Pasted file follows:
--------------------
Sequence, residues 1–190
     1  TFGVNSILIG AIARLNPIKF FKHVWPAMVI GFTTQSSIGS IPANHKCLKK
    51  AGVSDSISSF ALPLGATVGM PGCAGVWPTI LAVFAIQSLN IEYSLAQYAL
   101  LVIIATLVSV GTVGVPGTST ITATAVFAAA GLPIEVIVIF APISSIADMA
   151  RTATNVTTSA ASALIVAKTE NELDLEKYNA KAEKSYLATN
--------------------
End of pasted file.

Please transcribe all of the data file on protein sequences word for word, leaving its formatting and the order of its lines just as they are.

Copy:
Sequence, residues 1–190
     1  TFGVNSILIG AIARLNPIKF FKHVWPAMVI GFTTQSSIGS IPANHKCLKK
    51  AGVSDSISSF ALPLGATVGM PGCAGVWPTI LAVFAIQSLN IEYSLAQYAL
   101  LVIIATLVSV GTVGVPGTST ITATAVFAAA GLPIEVIVIF APISSIADMA
   151  RTATNVTTSA ASALIVAKTE NELDLEKYNA KAEKSYLATN